My grandmother’s capacity for English extended only to the shrapnel phrases she picked up before dropping out of primary school. In English, she was a happy woman. Back then, I was nameless, referred to simply as “Boy!” When she came to visit us in New Zealand, a trip she took only once for burden of the redeye flight and the rasping winter winds, I skirted the edges of rooms and conversations, a gap-toothed insect of a boy who could not speak or be spoken to.

It’s true that when I speak of machines I also mean dimensions.


Because I cannot make it back to Singapore for her funeral, various family members recruit me to make a video of my grandmother for the church service. I choose Teresa Teng for the backing track, the only Cantonese singer I know.

All day I have received photos from unfamiliar phone numbers, photos spanning the last seven decades. I don’t know most of the people in the photographs. One has her as a teenager, holding a chicken. I linger on the avian connection between the chicken and the lone duck by the river. Three other people in the photo are also holding gormless chickens, their fingers interlaced under the breasts and thumbs pressing down on the spines like how you might press air out of a ball. There was a sepia note of joy on everyone’s faces. What was the significance of the chicken?

My sister calls me later and tells me there is a problem. After the funeral, the casket holding my grandmother’s body went to the cremator. My family was directed down a sequence of corridors to the Ash Collection Centre, where they entered a door with the sign, in bold font, PLEASE COLLECT HERE. Inside, a man came out holding a clear plastic bin, about double the size of a shoebox, which he set down on a piece of cloth.

In the box lay an irregular assortment of white fragments: bones, some ground to the size of rice grains, but most of them larger, scaled approximately to cherry leaves, the clacking of calcium giving the impression of building blocks. The man seemed nonchalant and produced a white jar. He told my family to put my grandmother into the jar, piece by piece. Not the facial bones, he said, selecting a few delicate shards, noticeably thinner than the rest. These were meant to go at the top of the pile, an order which follows the alignment of the body.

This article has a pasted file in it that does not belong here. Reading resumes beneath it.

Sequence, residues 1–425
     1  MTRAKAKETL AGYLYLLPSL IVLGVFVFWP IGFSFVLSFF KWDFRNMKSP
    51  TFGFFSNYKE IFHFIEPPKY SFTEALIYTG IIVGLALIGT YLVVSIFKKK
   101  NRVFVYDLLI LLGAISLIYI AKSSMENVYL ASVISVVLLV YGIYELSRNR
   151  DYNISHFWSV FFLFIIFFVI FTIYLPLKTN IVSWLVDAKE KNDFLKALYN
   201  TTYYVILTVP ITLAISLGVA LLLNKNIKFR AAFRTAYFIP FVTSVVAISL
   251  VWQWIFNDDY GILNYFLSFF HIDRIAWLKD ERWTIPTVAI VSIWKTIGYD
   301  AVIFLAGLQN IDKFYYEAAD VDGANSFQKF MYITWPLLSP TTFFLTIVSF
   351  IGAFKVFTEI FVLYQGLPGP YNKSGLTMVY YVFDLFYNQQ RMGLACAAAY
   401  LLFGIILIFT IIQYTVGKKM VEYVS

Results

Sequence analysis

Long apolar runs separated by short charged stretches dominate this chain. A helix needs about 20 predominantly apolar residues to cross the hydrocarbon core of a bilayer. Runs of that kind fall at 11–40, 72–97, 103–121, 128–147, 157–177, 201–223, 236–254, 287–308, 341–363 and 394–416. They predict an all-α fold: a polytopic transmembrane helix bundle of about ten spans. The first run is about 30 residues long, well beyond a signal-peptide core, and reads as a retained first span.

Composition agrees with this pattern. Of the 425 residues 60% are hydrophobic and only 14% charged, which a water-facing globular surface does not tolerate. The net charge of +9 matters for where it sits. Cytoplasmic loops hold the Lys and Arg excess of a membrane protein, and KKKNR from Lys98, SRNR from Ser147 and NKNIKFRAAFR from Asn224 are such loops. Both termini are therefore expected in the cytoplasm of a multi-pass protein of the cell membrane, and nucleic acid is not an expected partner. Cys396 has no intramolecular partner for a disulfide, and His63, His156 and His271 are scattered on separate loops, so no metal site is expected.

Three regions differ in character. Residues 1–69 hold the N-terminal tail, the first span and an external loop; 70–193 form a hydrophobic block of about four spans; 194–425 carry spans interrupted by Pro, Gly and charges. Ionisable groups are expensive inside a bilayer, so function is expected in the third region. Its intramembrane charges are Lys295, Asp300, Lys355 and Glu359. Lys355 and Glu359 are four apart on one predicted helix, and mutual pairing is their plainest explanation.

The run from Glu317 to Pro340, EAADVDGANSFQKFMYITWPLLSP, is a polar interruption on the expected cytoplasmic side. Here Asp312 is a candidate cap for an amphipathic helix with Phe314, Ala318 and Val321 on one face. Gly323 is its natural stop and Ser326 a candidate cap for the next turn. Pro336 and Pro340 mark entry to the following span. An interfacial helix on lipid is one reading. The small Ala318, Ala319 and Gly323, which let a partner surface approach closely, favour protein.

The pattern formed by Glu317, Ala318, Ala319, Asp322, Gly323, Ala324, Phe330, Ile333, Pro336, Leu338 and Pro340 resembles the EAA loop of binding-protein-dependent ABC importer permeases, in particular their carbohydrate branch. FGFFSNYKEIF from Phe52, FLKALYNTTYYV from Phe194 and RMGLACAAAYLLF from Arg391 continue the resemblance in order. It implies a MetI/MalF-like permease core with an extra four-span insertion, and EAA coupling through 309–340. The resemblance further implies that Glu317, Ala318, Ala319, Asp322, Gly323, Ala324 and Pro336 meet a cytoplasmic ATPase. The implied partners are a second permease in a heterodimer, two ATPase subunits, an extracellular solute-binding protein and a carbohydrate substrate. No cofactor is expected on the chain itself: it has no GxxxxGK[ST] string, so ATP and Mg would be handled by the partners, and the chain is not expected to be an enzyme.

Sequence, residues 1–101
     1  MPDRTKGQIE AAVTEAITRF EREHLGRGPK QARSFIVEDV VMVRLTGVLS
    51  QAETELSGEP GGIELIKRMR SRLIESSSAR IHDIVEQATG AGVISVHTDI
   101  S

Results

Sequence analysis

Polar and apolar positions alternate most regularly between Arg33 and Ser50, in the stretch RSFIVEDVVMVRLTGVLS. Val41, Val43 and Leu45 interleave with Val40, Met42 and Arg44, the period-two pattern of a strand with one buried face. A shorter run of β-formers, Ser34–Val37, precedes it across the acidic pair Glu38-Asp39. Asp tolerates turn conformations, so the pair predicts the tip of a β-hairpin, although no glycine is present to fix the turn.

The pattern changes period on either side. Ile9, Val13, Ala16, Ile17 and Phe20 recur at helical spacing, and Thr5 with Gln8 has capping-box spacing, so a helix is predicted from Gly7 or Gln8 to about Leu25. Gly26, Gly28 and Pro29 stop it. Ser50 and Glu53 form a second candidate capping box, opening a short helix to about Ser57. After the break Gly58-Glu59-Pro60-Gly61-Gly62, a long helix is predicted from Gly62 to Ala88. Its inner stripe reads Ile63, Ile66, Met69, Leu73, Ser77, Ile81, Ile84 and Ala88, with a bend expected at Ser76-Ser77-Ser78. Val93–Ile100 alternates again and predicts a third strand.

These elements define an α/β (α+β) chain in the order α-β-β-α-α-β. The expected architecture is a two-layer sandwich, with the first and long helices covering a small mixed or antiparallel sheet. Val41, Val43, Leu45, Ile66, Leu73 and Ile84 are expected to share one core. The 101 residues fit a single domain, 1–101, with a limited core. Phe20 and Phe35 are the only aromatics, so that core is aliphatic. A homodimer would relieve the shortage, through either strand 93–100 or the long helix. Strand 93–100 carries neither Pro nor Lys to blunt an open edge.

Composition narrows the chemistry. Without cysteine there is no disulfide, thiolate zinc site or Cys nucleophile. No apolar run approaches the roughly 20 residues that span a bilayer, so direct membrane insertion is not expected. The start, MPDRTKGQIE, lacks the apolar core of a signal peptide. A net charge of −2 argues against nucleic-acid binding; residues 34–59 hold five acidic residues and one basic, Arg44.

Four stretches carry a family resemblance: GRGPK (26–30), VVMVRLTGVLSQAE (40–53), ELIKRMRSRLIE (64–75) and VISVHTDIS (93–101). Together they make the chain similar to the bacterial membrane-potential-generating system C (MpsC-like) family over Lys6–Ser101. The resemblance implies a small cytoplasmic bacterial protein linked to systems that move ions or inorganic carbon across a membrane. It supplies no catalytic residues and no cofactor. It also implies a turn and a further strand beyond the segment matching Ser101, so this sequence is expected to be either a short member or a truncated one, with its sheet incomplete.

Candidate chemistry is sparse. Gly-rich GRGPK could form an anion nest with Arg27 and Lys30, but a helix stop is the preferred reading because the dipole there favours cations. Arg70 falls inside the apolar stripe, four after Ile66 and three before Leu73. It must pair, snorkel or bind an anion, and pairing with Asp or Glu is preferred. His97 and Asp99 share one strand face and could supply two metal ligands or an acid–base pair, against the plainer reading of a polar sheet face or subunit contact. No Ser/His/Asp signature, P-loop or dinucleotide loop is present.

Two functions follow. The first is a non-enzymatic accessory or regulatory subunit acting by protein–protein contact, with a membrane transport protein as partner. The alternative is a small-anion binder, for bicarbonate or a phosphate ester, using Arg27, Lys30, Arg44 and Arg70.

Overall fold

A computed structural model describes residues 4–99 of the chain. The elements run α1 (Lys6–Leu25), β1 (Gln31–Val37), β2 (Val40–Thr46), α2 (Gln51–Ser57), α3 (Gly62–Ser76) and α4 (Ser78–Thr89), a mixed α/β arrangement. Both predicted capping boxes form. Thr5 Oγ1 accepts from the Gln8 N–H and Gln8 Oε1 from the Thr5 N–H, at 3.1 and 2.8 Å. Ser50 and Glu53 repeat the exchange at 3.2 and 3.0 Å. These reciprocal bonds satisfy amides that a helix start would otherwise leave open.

No one was prepared for this. Some bones were yellowed. Someone murmured that it was the quantities of tea that she drank in her lifetime. My auntie put her hand into the box and withdrew a piece of my grandmother’s femur and placed it in the jar. My sister picked up a piece of the pelvis and placed it in the jar. The man took a long metal utensil and pressed down heavily, mortar-and-pestle style, because my fragmented grandmother, loosely arranged, was spilling out of the jar. Her cheekbone, or maybe her forehead, was forced below the lip of the container, compacting the air between parts of her body that had never touched before.

Then, there was dust on the cloth. “Isn’t that my grandmother?” my sister asked. “Yes,” the man said, and shook the dust into the jar.

I end up calling the crematorium, midnight, because of the time difference, and reach a customer service operator at the National Environmental Agency. He was surprisingly amiable when I mentioned the bone fragments, the plastic box, the non-pulverized remains. “Oh, I see—you were expecting a powder? I’m sorry.” Then, he transferred me to another switchboard where another guy told me that the crematory machine can only break things down to minor parts. Any further processing needs to be done manually.

I think about this as an equation, what goes in and what comes out, and the transfiguration between the two ends. A kind of release. But it bothers me: What happened to the smoke? I start the habit of leaving my window open at night.


When she was alive, most of the stories I heard of her were negative. The visions of her that I’ve been told are of a woman alternatingly stubborn, severe, irrational, and helpless. She was a single mother who beat her children, sometimes with a chain. She told everyone her husband had died to avoid the humiliation of a divorce. She washed vegetables on a stool next to the toilet. She hoarded everything—trinkets, newspapers, fabric. She stashed the bounty in the broom closets of her daughters’ houses. She carried plastic bags of groceries in the rain because no one offered help. She kept things to herself. She was alone a lot.